It was on March 15 (the Ides of March) 2017 when our world began to shrink. My wife and I left the neurologist’s office in Springfield, MA after the diagnosis and were sitting in the car outside when the process of withdrawal and isolation began. “I suspect you have Lou Gehrig’s Disease” he had stated gently, leaving open the possibility that he might be wrong – a possibility we clung to for a few weeks – but he was not wrong. The diagnosis of ALS marked the beginning of a journey in which the pace of our lives slowed down and became more isolated from those of you who are still living what we call “normal” lives. In spite of the love of family members and the incredible support of friends and local community, the person with a terminal illness feels so very alone – some of the time.
The following excerpt is from a book by K. D. Singh titled The Grace in Dying. It describes the feelings expressed by my wife, who has ALS, in words far more eloquent and accurate than either of us could write. It is shared because she wants you to know how it feels….
Many wisdom traditions have developed insight into the transformative power of withdrawal or isolation, recognizing that a fundamental for spiritual evolution is “becoming friends with” our loneliness and our boredom. The time of illness is a time of withdrawal from the world, a time of isolation. The frenzied pace of life continues for friends and family of the one who is ill, but he or she can no longer participate. The person acquiesces to the expanding power of the physical disablements that subtly increase separation from the life he or she has always known.
Initially, this enforced withdrawal or isolation causes great psychological and emotional suffering. One experiences one’s self as removed from the world of the living, the world of mundane things. When this removal is not our choice, there are elements of anger and sadness and surprisingly sharp jealousy, even for those who never thought of themselves as begrudging people. We feel a nostalgic and deep longing for return to the life we once knew as well as the very difficult emotions of self-pity, abandonment, and hopelessness.
The isolation of terminal illness sometimes reminds me of a car broken down on the side of a great superhighway. Everyone else is speeding by, on their way to vacations, family reunions, and business appointments. They are off to Seattle or Boston or Gravel Gulch, traveling well over the speed limit and catching sight of the broken-down car in the rearview mirror only when they check to make sure there are no police on their trail. If you are the one in the broken-down car, you can feel in the hot rush of the wind of the cars speeding by the physical evidence of their lack of concern for your predicament. The noise and the rush are endless and there is in them ample proof that you have been abandoned by the world.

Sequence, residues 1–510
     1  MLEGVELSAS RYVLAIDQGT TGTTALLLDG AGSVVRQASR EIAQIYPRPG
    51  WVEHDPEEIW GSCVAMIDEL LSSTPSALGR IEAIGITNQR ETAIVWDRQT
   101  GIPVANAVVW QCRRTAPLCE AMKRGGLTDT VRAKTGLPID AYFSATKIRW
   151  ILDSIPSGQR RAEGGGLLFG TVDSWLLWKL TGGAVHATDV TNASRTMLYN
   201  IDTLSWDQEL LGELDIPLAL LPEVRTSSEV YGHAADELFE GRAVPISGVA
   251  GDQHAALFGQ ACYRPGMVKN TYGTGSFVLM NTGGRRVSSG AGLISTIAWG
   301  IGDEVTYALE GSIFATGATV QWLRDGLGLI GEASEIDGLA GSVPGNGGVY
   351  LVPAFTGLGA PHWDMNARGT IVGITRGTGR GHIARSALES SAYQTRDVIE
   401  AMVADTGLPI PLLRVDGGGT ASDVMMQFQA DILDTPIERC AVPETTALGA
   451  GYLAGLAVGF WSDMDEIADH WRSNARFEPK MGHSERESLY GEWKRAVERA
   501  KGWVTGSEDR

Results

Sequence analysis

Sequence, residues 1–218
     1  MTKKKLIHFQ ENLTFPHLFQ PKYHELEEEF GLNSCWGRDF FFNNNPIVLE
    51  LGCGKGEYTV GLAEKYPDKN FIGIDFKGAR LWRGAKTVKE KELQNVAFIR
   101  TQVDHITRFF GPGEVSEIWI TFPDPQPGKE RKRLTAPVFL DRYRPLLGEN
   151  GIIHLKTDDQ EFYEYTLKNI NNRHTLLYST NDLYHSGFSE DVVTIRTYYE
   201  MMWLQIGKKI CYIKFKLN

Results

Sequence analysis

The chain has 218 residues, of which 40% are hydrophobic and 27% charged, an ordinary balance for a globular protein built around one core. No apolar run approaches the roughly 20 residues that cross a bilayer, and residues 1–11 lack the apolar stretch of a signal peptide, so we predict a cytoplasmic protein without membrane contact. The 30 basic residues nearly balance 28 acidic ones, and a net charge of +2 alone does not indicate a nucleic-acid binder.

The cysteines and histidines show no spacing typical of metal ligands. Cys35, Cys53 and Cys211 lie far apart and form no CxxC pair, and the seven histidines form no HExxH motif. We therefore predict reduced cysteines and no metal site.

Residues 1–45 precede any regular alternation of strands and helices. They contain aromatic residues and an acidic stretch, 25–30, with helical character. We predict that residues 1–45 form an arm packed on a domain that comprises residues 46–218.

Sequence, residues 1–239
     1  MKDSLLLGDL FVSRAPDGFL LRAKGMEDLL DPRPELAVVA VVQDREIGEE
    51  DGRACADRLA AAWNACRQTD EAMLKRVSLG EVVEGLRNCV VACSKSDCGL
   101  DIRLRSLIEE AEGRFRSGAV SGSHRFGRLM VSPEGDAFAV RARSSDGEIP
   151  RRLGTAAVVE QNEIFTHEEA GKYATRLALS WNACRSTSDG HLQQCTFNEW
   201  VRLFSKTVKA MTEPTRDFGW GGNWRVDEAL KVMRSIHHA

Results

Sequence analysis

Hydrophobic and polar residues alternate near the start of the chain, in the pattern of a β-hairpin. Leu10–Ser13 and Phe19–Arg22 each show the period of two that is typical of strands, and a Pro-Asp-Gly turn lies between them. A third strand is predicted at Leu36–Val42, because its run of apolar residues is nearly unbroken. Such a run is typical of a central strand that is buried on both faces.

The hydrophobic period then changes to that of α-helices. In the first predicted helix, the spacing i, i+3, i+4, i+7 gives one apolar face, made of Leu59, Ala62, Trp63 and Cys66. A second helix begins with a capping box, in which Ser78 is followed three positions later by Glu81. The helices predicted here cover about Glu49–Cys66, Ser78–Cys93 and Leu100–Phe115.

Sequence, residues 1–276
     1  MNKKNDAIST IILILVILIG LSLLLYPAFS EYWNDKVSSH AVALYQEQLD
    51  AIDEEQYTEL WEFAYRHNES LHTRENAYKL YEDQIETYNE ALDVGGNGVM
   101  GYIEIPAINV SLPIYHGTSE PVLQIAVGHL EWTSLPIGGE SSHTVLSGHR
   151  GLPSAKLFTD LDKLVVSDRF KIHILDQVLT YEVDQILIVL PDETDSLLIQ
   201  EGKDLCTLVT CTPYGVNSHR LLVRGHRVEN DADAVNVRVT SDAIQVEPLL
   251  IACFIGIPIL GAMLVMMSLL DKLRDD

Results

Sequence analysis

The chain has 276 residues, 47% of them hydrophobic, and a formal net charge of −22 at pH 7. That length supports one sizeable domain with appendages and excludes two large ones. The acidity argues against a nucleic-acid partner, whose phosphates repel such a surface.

Gradually, however, you become accustomed to the sound of the rushing and it fades into a white noise, like waves, at the back of your mind. You begin to hear birds calling in the grass where you’ve pulled the car over. Wildflowers are growing and leaves are blowing in the wind. You become acquainted with the litter in the area, the temperature of the air, and the color and composition of the sky. The tiny space on the side of the road becomes home for that present experience, and your attention wanders to it and comes to know it. What had been the norm, speeding down the highway, is now a blur.
The slow drawing away sharpens the focus; attention is more present and intense. Withdrawal allows us to step out of the norm. Each of us knows this intuitively when we seek out a quiet opening in a pine forest, a hidden spot by the river, a solitary hillside, a secret place back deep in the sand dunes. Many spiritual teachers have suggested that their disciples leave “the marketplace” and retreat to the jungle, the cave, the desert, the mountain, the monastery, the hermitage, the meditation hut.
Withdrawal is recognized as a special condition that facilitates spiritual transformation. Withdrawal allows us to step out of membership in the social bands of our culture and, in doing so, begin to have a more direct and present-centered, less mediated experience of reality.
The aloneness of living with a terminal illness pierces many an illusion. A profound process of simplification occurs. Old values simply lose their appeal, their urgency. Nothing in the world of appearances attracts as it used to. All that begins to matter in the world is the presence of loved ones.
Adapted from; Singh, Kathleen D. The Grace in Dying (pp. 129-132). HarperOne. Kindle Edition.
For more on my experience as a caregiver, see: